Originally published: April 16, 2011
Last updated: April 16, 2011 - 5:30pm
Cross-channel promotion is nothing new in the still-strong cable and satellite TV distribution world. But channel-carriage promotion is another story.
With growing numbers of new bandwidth-hungry HD channels, where is the endgame? Comcast's recent takeover of NBC Universal has caused immediate changes as the company looks to boost carriage of its mid-size cable channels. One newly acquired Comcast channel is Universal Sports, a modest 60 million subscriber sports network with a mix of carriage via cable, local digital TV stations, IPTV and other distributors. For the most part, Universal Sports positions itself as an Olympic sport channel. Since Comcast's takeover, there has been heavy promotion to get Universal Sports better TV household distribution. DirecTV carries Versus, but not Universal Sports. Part of this marketing plan seems to be promoting Universal Sports on the better-distributed Versus. This type of on-air promotion isn't new. No doubt when ESPN or Discovery or others were in the throes of expanding their channel rosters, similar channel-carriage promotion activity arose. But lately there has been a notable shift - as many established cable network groups slow their traditional cable network launches while pushing more Internet sites or mobile apps for TV content. The massive Comcast takeover of NBC Universal has pushed the largest U.S. cable operator to find more traditional homes for its now larger channel, including some previously underserved NBC Universal networks. Other NBC micro-cable networks, Sleuth (soon to be called Cloo) and Chiller, will probably be getting the same marketing treatment, if they haven't done so already.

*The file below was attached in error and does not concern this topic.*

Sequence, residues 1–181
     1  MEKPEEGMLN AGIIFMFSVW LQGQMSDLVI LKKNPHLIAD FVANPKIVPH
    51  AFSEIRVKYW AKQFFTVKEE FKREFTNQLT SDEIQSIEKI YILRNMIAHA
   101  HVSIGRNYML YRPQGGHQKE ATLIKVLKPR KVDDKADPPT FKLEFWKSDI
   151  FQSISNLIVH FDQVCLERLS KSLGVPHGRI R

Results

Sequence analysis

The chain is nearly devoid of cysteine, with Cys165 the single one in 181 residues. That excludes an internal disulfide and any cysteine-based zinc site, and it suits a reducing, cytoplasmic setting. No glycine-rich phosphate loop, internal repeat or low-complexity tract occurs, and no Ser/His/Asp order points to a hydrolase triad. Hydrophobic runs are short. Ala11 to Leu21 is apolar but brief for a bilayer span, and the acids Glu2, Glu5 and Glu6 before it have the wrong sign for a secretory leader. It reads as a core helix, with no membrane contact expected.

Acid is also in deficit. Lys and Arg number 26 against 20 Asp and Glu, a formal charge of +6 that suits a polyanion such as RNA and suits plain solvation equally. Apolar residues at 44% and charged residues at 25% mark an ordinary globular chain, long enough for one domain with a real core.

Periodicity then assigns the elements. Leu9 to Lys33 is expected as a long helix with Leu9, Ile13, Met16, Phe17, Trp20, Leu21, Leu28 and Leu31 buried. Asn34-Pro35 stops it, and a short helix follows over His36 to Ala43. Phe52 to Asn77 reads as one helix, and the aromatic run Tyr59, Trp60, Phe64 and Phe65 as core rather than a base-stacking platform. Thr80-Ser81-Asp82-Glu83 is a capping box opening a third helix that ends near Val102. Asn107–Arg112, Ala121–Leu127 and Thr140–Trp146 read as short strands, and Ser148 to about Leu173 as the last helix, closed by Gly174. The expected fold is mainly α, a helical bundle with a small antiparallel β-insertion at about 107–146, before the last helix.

No doubt the days of gaining massive amounts of established cable or satellite consumers (IPTV operators have a different financial distribution position) are slowly ending. But Comcast still has obvious leverage -- and intends to use it, especially to monetize its big controlling investment in NBC. It needs to find whatever few channel positions are left as they still represent the potential biggest pool of TV advertising and consumer revenue.
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